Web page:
by PC Tech | Sep 23, 2011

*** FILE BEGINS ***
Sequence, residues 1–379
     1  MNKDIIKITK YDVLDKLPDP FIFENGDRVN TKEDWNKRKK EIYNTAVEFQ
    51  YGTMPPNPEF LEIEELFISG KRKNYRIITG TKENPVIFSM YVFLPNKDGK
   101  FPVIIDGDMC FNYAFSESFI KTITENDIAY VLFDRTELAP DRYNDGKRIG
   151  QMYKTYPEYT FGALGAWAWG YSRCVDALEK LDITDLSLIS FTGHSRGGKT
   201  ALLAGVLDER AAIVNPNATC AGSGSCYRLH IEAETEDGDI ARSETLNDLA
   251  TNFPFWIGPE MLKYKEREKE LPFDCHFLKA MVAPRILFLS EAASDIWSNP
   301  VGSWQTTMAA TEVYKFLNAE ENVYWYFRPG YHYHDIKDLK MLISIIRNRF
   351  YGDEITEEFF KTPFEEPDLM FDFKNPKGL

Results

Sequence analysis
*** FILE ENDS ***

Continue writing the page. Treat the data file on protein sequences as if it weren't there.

The underlying principles of all computer processors are the same. Fundamentally, they all take signals in the form of 0s and 1s (thus binary signals), manipulate them according to a set of instructions, and produce output in the form of 0s and 1s. The voltage on the line at the time a signal is sent determines whether the signal is a 0 or a 1. On a 3.3-volt system, an application of 3.3 volts means that it’s a 1, while an application of 0 volts means it’s a 0. Processors work by reacting to an input of 0s and 1s in specific ways and then returning an output based on the decision. The decision itself happens in a circuit called a logic gate, each of which requires at least one transistor, with the inputs and outputs arranged differently by different operations. The fact that today’s processors contain millions of transistors offers a clue as to how complex the logic system is. The processor’s logic gates work together to make decisions using Boolean logic, which is based on the algebraic system established by mathematician George Boole. The main Boolean operators are AND, OR, NOT, and NAND (not AND); many combinations of these are possible as well. An AND gate outputs a 1 only if both its inputs were 1s. An OR gate outputs a 1 if at least one of the inputs was a 1. And a NOT gate takes a single input and reverses it, outputting 1 if the input was 0 and vice versa. NAND gates are very popular, because they use only two transistors instead of the...